Last week I discussed how poor housing affects all of us, through increased costs (estimated at £600 million per year) to the National Health Service, deprivation and under achieving children (our future).
I suggested that it is difficult for government to plan on dealing with this without a clearer picture of the extent of the sector and where it is. For this we need some sort of landlords registration system.
A landlord registration system would also facilitate imposing a standards regime.
The case for landlord accreditation
I don’t think something as important as peoples housing should be allowed to be provided by just anyone.
I am not saying that people should not be allowed to rent out homes – we desperately need more homes for people. What I am saying is that the people managing those homes should be property trained and accredited.
So if a landlord wants to manage his properties himself, he should undergo training, and his properties should be subject to periodic inspection.
Surely that is not too much to ask? The good landlords will normally have undergone voluntary training anyway.
National not local
I also think that any system set up should be a national scheme rather than left to the Local Authorities.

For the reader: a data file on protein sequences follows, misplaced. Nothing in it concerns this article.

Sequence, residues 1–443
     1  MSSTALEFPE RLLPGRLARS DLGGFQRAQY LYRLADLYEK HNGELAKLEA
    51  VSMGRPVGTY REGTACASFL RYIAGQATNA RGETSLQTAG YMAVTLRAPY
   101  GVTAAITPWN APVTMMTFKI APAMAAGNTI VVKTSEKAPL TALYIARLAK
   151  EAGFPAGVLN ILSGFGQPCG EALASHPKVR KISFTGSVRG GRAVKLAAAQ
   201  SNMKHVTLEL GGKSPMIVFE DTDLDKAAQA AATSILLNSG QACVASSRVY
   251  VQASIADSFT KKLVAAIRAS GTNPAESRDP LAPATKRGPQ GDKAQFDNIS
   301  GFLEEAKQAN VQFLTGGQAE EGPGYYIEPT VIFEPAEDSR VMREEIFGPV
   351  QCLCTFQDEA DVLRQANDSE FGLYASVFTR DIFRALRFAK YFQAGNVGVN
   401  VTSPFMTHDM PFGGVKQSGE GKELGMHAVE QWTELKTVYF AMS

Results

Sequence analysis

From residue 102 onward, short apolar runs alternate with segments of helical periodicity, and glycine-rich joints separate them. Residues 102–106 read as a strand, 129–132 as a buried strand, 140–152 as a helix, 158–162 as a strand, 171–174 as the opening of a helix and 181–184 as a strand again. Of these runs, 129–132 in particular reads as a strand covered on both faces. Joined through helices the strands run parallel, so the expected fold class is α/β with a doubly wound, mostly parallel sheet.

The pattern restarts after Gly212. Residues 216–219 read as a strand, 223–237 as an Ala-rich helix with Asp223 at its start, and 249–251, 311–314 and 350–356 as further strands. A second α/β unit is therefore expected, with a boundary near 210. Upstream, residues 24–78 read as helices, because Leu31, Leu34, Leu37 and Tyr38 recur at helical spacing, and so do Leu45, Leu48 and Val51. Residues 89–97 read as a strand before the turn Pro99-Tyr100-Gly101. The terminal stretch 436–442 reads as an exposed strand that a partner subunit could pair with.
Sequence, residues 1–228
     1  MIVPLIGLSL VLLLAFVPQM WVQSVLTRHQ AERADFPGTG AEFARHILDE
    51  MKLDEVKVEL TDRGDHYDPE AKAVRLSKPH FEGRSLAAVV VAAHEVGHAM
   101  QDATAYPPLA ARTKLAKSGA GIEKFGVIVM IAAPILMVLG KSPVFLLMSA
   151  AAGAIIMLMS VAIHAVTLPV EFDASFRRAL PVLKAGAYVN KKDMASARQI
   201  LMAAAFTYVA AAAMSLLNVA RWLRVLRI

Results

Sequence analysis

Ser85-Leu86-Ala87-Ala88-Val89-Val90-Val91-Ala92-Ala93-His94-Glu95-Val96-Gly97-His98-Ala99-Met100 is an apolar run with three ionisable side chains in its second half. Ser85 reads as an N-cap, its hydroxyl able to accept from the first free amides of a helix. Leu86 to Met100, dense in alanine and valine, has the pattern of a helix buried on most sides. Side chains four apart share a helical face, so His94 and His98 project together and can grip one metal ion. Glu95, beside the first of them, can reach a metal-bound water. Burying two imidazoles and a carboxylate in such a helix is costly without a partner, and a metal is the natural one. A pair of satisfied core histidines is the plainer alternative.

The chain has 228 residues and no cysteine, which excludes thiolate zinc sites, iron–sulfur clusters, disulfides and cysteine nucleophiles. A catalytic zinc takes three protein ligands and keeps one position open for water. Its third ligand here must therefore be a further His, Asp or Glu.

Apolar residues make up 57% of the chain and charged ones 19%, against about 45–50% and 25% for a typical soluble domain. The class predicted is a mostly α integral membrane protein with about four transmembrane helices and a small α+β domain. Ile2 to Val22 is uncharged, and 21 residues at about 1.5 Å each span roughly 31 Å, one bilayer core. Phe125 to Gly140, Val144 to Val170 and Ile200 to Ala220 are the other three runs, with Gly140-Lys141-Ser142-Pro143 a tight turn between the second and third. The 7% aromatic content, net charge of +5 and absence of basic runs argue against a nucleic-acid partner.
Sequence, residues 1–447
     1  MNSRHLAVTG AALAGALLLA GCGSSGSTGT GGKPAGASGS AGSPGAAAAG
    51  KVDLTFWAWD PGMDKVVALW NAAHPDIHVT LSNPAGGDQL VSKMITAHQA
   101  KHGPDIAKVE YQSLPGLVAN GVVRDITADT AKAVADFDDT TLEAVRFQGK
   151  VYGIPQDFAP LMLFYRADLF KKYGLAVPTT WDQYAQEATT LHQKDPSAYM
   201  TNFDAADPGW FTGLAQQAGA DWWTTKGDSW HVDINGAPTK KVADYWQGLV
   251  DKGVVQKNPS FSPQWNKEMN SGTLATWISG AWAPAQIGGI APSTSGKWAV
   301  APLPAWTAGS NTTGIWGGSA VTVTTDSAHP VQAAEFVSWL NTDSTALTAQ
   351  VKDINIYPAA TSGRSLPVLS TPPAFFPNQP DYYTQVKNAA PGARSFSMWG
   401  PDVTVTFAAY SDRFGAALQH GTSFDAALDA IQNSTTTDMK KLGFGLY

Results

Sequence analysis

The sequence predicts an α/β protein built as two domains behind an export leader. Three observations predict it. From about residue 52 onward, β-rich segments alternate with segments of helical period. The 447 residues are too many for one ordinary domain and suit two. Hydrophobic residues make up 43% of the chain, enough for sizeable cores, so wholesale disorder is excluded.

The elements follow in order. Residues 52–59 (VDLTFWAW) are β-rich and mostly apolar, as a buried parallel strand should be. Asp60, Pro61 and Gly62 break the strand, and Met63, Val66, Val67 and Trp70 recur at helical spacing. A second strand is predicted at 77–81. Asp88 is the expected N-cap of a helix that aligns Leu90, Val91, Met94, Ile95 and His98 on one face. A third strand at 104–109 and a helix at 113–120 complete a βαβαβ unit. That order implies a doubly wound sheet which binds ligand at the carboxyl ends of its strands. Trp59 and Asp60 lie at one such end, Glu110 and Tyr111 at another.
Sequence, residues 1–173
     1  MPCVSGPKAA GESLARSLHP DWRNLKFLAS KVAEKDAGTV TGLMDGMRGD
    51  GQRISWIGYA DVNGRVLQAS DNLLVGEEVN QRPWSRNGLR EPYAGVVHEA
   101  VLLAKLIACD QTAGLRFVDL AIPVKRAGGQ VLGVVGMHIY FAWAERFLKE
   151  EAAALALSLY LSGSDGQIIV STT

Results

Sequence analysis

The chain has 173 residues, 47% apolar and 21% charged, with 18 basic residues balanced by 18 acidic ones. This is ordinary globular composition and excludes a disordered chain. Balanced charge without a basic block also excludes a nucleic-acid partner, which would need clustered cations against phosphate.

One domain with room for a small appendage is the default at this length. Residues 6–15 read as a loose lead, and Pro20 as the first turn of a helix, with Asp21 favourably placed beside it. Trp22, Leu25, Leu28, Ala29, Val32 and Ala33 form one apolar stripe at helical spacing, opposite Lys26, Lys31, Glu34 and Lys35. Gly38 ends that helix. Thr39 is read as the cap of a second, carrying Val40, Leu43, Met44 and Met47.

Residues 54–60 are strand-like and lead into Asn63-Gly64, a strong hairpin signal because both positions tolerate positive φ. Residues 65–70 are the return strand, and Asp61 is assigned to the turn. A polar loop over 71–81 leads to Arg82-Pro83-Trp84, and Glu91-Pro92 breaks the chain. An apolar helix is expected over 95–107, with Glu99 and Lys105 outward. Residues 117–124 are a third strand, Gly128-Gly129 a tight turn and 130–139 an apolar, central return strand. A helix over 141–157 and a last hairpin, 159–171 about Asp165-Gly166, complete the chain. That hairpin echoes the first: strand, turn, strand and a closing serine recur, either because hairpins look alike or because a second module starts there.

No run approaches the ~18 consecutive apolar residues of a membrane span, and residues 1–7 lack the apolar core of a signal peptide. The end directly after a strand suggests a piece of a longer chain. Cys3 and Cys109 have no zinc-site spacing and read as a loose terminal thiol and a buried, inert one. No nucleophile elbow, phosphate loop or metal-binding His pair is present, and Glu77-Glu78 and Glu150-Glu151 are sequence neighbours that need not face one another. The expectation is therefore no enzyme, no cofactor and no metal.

A commentator on my last post pointed how unfair it is, when a landlord who holds properties in more than one area has to pay multiple fees.
It is also unfair when different local authority systems have different standards and levels of enforcement. It should be the same for all.
Accredited landlords qualification
Landlords who do the training and acquire accreditation should be rewarded for this by having a proper nationally recognised qualification (lets call it an accredited landlord) – something they can feel proud of and which will give them status and standing in the community.
Landlords provide an important service – they should be respected for this.
Carrot and stick
Accreditation could also bring extra rewards. For example accredited landlords could come within the more favourable business tax regime rather than having their property portfolio taxed as an ‘investment’.
Maybe there could be other financial incentives such as grants for property improvements and the right to reclaim VAT for certain business expenses.
Landlords who are not accredited should not be prevented from renting, but they should be required to use a properly accredited letting agent.
If these is not done then there should be penalties. Maybe fines. Maybe the right for tenants to withhold rent. What do you think?
But, you will be saying, at present we don’t even have accreditation for letting agents!
I’ll be looking at that next week.